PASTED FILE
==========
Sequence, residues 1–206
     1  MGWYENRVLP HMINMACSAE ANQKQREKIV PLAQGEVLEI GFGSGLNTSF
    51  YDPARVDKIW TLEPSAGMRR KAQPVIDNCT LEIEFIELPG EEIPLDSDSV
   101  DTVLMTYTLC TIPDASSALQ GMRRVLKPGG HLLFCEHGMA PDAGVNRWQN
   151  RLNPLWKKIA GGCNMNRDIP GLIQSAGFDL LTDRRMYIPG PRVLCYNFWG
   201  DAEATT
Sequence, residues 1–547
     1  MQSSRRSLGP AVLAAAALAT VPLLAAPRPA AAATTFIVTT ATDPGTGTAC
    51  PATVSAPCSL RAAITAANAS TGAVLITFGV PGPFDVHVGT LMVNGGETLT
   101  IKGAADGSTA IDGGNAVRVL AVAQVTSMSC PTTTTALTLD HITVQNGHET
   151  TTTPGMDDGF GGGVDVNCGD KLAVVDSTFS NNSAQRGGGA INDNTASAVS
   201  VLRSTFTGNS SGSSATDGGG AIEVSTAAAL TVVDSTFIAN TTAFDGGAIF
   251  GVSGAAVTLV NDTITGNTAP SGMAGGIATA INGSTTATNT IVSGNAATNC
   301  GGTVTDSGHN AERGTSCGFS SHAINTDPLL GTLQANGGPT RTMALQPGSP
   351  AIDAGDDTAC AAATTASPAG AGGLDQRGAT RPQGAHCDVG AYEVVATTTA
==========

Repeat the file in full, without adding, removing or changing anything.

Sequence, residues 1–206
     1  MGWYENRVLP HMINMACSAE ANQKQREKIV PLAQGEVLEI GFGSGLNTSF
    51  YDPARVDKIW TLEPSAGMRR KAQPVIDNCT LEIEFIELPG EEIPLDSDSV
   101  DTVLMTYTLC TIPDASSALQ GMRRVLKPGG HLLFCEHGMA PDAGVNRWQN
   151  RLNPLWKKIA GGCNMNRDIP GLIQSAGFDL LTDRRMYIPG PRVLCYNFWG
   201  DAEATT
Sequence, residues 1–547
     1  MQSSRRSLGP AVLAAAALAT VPLLAAPRPA AAATTFIVTT ATDPGTGTAC
    51  PATVSAPCSL RAAITAANAS TGAVLITFGV PGPFDVHVGT LMVNGGETLT
   101  IKGAADGSTA IDGGNAVRVL AVAQVTSMSC PTTTTALTLD HITVQNGHET
   151  TTTPGMDDGF GGGVDVNCGD KLAVVDSTFS NNSAQRGGGA INDNTASAVS
   201  VLRSTFTGNS SGSSATDGGG AIEVSTAAAL TVVDSTFIAN TTAFDGGAIF
   251  GVSGAAVTLV NDTITGNTAP SGMAGGIATA INGSTTATNT IVSGNAATNC
   301  GGTVTDSGHN AERGTSCGFS SHAINTDPLL GTLQANGGPT RTMALQPGSP
   351  AIDAGDDTAC AAATTASPAG AGGLDQRGAT RPQGAHCDVG AYEVVATTTA